I was raised in the Nazarene Church, and so when I felt a "call" to the ministry, I went to study theology at the nearest Nazarene University, which was Southern Nazarene University, in Bethany, Oklahoma, and attended there from 1986 to 1990. While, at that time, the Nazarene Church was still a very conservative evangelical denomination, the professors who taught in their Religion and Philosophy Department were not so much. My elder brother had attended the same school earlier in the 80's and the liberal professors he had were the conservative professors that I had... and they hadn't really changed. However the conservative professors had generally been replaced by professors who were even more liberal than the previous liberals. Much of the material I studied during that time was a labor to be endured -- authors that had little that inspired or edified -- but there were a few exceptions, and prominently among those exceptions were the books by the Methodist theologian Thomas Oden. Oden had been a student of the extremely liberal German biblical scholar Rudolph Bultmann, and so was very much a part of the skeptical intellectual environment that I found so unattractive. However, at some point in the 70's he began to apply the skeptical criteria of liberal scholarship back upon liberal scholarship, and ended up affirming that the "Ecumenical Consensus" of the first millennium of Christian history was "normative". I was introduced to his work in my systematic Theology class. He had at that time written the first two volumes of a systematic theology that followed the outline of the Nicene Creed. In that class, we used volume 2, "The Word of Life", which focused on those parts of the Creed that related to Christ. That book was so refreshing that I got me a copy of Volume 1, "The Living God", and read it as well. And I found that our library had his book "Agenda for Theology", which was I think then out of print, but was his theological manifesto, and explained how he had moved from being a Bultmanian to one who affirmed the authority of the Tradition of the Church. That book was later reprinted in a significantly revised form, under the title "After Modernity... What?" In my pastoral theology class, they also used his "Pastoral Theology" as a textbook, which went to the Tradition of the Church for guidance on how to deal with the practical issues of pastoral theology. Reading his works were not the only reason I eventually became Orthodox, but they were a part of a convergence of things that pointed me in that direction.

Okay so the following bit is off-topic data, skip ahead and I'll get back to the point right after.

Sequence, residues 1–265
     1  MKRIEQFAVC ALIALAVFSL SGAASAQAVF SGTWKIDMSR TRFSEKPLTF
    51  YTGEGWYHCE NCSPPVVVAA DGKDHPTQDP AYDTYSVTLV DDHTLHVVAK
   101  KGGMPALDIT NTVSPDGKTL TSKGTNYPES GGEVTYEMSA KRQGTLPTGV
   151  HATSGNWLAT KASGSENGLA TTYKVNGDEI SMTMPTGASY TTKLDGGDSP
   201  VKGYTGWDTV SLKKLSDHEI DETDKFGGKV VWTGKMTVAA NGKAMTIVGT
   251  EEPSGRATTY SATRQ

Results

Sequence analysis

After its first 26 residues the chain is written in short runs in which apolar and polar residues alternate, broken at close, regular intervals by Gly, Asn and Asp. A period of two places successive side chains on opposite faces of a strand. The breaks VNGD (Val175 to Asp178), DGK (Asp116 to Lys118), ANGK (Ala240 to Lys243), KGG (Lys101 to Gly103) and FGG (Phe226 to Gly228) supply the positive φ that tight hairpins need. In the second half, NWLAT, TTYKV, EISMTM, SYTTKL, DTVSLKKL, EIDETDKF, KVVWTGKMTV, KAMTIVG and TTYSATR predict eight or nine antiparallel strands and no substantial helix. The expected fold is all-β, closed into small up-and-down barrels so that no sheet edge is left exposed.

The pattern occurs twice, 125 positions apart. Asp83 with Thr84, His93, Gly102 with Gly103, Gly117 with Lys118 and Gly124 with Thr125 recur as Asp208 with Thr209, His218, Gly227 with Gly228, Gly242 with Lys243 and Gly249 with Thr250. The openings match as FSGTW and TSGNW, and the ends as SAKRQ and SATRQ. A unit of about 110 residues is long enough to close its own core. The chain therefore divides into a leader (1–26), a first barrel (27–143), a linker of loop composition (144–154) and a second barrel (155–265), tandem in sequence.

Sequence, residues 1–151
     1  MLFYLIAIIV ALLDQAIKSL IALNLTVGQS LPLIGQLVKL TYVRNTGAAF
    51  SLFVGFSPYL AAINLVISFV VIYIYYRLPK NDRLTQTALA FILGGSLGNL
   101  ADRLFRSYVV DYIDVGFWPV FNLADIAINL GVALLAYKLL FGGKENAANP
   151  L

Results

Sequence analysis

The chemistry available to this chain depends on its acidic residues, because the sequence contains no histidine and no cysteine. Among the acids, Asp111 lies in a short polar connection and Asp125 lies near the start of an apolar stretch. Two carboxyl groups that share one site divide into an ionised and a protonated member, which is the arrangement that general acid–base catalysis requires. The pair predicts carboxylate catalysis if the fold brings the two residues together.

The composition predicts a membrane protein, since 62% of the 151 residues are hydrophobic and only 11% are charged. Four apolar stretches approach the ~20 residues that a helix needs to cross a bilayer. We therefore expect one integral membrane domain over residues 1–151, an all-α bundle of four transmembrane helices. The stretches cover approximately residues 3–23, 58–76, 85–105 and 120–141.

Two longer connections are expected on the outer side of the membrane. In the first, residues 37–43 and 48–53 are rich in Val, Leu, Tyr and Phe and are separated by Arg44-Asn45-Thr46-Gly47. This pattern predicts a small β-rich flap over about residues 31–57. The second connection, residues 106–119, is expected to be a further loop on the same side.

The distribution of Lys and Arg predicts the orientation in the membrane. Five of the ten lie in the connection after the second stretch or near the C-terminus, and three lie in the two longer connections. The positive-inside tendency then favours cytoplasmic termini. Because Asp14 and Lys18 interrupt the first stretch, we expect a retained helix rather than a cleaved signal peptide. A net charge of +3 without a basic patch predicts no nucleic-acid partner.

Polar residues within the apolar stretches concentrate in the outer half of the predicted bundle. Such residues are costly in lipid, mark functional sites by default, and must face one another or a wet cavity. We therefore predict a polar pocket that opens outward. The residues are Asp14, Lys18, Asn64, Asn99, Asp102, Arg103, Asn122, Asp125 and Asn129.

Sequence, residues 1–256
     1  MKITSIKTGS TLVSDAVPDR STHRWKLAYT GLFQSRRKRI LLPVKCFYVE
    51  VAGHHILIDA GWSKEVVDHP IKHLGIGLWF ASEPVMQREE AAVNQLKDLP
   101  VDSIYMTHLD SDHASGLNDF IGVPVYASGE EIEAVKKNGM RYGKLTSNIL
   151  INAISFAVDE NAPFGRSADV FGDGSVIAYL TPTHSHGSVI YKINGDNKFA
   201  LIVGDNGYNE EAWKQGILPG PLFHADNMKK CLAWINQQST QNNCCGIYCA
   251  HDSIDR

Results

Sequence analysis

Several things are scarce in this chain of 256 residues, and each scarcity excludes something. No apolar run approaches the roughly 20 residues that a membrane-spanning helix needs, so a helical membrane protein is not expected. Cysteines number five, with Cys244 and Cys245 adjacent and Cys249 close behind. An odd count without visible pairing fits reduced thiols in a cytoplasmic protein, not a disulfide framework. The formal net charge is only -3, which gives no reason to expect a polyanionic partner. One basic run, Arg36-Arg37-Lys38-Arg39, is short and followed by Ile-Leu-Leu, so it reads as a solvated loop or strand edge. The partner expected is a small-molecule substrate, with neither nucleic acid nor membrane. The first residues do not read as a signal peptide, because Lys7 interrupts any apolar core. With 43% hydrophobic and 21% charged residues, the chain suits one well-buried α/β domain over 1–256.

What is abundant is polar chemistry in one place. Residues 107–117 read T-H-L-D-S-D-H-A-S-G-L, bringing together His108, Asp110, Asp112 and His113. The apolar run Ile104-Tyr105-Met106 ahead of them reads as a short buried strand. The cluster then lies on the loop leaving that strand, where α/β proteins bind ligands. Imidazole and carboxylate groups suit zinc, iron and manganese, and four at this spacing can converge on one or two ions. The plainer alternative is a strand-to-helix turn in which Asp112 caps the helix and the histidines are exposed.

The third volume of his systematic theology was not published until 1992, and by that time I had been Orthodox awhile, and so was less eager to purchase a copy, though I always had the intention of eventually doing so, in order to complete the set. Just recently, I finally got around to it, and reading it has been a walk down memory lane. Reading the preface reminded me of what a radically different spirit I found in his writings in comparison with most of the material I had studied at SNU.
In the second paragraph of his preface, he wrote:
"At the end of this journey I reaffirm solemn commitments made at its beginning:
- To make no new contribution to theology
- to resist the temptation to quote modern writers less schooled in the whole counsel of God than the best ancient classic exegetes
- To seek quite simply to express the one mind of the believing church that has been ever attentive to the apostolic teaching to which consent has been given by Christian believers everywhere, always, and by all -- this what I mean by the Vincentian method (Vincent of Lerins, comm., LCC [Library of Christian Classics] VII, pp. 37-39,65-74; for an accounting of this method see LG [The Living God (volume 1 of his systematic theology)], pp. 322-25,341-51)
I can't remember in which of his books he said this, but I remember him echoing the above sentiments, and saying that he wanted the epitaph on his tombstone to say "He added nothing new to theology."
Thomas Oden is still a Protestant, and so one should not assume that I would agree with him entirely, but his devastating critique of Protestant liberalism and modernity in general, combined with his affirmation of the Tradition of the Church was an oasis in a spiritual and intellectual desert, and it pointed me in the direction of the Orthodox Church.